August 17, 2017

Latest:

Meeting increased demand in tree protection -

Thursday, August 17, 2017

RHS Master of Horticulture award goes global this autumn -

Thursday, August 17, 2017

Call for local groups to join new Epping Forest Consultative Committee -

Thursday, August 17, 2017

Lucy Edge of Avanti Communications joins Eden Project board -

Thursday, August 17, 2017

Mitie’s Tim Howell discusses how technological advances benefit the industry -

Thursday, August 17, 2017

Griffin Glasshouses complete one of their largest and most challenging domestic structures in 50-year history -

Wednesday, August 16, 2017

Gristwood and Toms Lands Acquisition of Foremost Treesurgeons, bolstering turnover by £3M -

Wednesday, August 16, 2017

UK artists and practitioners invited to breathe new life into Waltham Forest’s unloved spaces -

Wednesday, August 16, 2017

First ever ‘Hedgehog Housing Census’ launched to help popular UK garden residents -

Wednesday, August 16, 2017

Simon Fraser appointed to HTA Board -

Wednesday, August 16, 2017

10 days left for communities to nominate their local heroes -

Tuesday, August 15, 2017

Choosing the best lopper for the job -

Tuesday, August 15, 2017

Rolawn hit 160 million -

Tuesday, August 15, 2017

Mowers for steep slopes with Cub Cadet -

Tuesday, August 15, 2017

Trilogy and Peterson reveal plans for the transformation of the Great Northern -

Tuesday, August 15, 2017

Lewis Normand becomes Southern sales manager for Bernhard’s Nurseries -

Monday, August 14, 2017

Society of Garden Designers announces new vice chair -

Monday, August 14, 2017

Myerscough prepare Show Gardens for Southport Flower Show -

Monday, August 14, 2017

Boost to countryside site from successful grant application -

Monday, August 14, 2017

£6.2m government boost to help unlock 15,000 new homes in Didcot Garden Town -

Monday, August 14, 2017

Gardens in the south east unveil plans for guided tours of woodlands and lakes this Autumn

Scientists are predicting that stressed trees will produce a fantastic display of colour for 2017.

Trees in the south east, in particular, experienced stressful growing conditions earlier in the year including a drought in April and the prolonged heat in May and June. The drought in April was the driest on record and was followed by temperatures varying by 10 -15 degrees centigrade on a weekly basis throughout June.

Dr Glynn Percival Tree Physiologist at Bartlett Tree Research Laboratory and the University of Reading explains why these conditions produce colour: “As autumn colour is basically the chlorophyll (green pigment) breakdown to reveal the other pigments present (yellow, orange, red etc.) then I would expect some quite spectacular autumn colour this year as these other coloured pigments are what we call accessory pigments and produced by the plant in response to stress….which we have had lots of from a trees point of view.”

William Dyson, curator at Great Comp Garden in Sevenoaks has welcomed record numbers of visitors during the Autumn in the last few years following stressful growing conditions for trees. He is expecting a fantastic display this year in the 7 acre garden and said: “it’s interesting to hear the tree scientists observations and I’m sure we can look forward to colour this year from Cercidyphyllum, Quercus, Liquidamber, Nyssa and our Ginkgo’s.”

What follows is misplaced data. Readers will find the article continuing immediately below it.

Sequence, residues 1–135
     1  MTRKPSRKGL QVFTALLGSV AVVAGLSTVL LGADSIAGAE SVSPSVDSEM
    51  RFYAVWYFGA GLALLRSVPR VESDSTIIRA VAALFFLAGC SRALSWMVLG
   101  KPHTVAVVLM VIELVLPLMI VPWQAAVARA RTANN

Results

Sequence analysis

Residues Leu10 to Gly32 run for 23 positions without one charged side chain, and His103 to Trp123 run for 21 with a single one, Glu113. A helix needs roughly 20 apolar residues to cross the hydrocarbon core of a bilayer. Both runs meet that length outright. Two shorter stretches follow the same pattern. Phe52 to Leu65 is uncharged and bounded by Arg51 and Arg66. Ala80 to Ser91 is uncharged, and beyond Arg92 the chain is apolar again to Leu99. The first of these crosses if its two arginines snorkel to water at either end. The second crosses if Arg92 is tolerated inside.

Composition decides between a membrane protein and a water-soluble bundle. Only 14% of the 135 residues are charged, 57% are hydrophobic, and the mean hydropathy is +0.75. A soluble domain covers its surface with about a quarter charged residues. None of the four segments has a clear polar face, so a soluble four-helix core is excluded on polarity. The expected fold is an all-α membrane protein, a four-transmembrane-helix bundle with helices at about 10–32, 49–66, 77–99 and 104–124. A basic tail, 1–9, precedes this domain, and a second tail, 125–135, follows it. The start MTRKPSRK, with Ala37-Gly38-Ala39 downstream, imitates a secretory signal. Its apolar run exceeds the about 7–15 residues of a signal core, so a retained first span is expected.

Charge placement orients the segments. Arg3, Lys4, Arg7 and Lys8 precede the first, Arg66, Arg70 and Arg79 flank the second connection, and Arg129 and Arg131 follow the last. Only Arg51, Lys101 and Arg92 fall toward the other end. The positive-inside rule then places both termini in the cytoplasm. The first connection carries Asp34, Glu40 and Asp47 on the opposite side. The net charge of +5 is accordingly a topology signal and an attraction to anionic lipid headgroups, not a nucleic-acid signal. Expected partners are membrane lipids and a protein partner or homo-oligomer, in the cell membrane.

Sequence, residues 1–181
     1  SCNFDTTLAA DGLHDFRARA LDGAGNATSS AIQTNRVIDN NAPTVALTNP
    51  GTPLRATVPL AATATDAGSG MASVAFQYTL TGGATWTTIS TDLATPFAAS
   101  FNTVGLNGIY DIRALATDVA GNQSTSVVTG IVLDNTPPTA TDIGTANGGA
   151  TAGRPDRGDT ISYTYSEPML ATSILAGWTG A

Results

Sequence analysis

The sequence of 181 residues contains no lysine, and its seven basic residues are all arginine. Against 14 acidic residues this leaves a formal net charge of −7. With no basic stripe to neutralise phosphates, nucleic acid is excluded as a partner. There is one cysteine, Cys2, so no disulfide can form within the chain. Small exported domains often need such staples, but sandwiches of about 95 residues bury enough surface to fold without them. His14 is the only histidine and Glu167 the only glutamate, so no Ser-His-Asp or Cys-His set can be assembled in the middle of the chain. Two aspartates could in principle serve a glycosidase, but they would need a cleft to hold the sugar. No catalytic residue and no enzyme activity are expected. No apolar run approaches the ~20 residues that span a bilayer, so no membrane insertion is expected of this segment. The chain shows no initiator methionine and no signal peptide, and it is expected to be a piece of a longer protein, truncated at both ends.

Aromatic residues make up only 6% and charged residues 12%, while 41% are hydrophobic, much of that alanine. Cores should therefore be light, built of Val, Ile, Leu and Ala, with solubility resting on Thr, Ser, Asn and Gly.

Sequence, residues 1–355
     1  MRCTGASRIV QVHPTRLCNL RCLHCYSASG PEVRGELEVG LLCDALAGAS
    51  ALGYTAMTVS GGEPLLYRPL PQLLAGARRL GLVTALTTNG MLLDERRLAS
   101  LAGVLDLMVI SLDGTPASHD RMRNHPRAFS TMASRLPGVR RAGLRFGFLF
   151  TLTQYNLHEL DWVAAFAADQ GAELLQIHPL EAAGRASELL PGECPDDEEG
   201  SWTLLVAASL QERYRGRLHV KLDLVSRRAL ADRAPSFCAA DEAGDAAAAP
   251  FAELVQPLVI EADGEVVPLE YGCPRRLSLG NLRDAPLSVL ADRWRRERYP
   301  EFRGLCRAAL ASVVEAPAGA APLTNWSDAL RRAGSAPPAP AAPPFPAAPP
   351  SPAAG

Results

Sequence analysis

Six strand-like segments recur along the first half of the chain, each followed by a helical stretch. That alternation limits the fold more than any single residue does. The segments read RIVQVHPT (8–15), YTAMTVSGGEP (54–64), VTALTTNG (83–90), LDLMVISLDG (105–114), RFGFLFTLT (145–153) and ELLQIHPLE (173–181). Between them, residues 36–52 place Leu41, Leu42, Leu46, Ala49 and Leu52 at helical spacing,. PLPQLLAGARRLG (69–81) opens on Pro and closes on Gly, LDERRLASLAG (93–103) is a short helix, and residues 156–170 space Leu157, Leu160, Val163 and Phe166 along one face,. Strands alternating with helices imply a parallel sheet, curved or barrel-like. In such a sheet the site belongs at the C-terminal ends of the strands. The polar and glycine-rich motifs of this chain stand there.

Hever Castle & Gardens in Edendbridge in Kent have made plans to embrace this planned display of colour by offering visitors their first-ever guided tours of the lake.

Neil Miller, head gardener at Hever said: “If we listen to the experts then we are due for a once in a lifetime display of Autumn colour this year. It certainly was dry in late spring and the sunny weather we’ve experienced this summer will have concentrated the sugar in the leaves which speeds up the appearance of red hues so the tree collection planted by William Waldorf at the turn of the 20th century will be suitably impressive. We want visitors to enjoy the spectacle as the rich yellow, red and orange leaves of beech mingle with liquidambars, tulip trees and Japanese maples, all contributing to an explosion of colour.”

Neill Miller added: “There’s much to see in the lake land area of the Garden including the new Monet bridge and this will be the first year we will take visitors on guided tours. We very much want the visitors to set the agenda and let us know where they want to go and what they want to see. We will be armed with our fungi identification sheets and will be on the look out for the fantastic wildlife that have made the lake area their home.”

Visitors are also welcome to take their own self-guided tours with the help of an Autumn Colour Trail. The Trail will encourage visitors to look out for trees of note and interest within the grounds, including some of the Scots Pines beside the lake which were brought to the Garden from nearby Ashdown Forest by former owner William Waldorf Astor during the creation of the Garden in 1904 -1908.

The Scots pines are particularly pertinent to Hever Castle coming as they did from the site where Henry VIII first laid eyes on Hever’s most famous former resident Anne Boleyn. It is said that Henry was out hunting boar in the Ashdown Forest when he first met Anne Boleyn in area of Scots Pines, which henceforth became known as ‘Royal Standing’.

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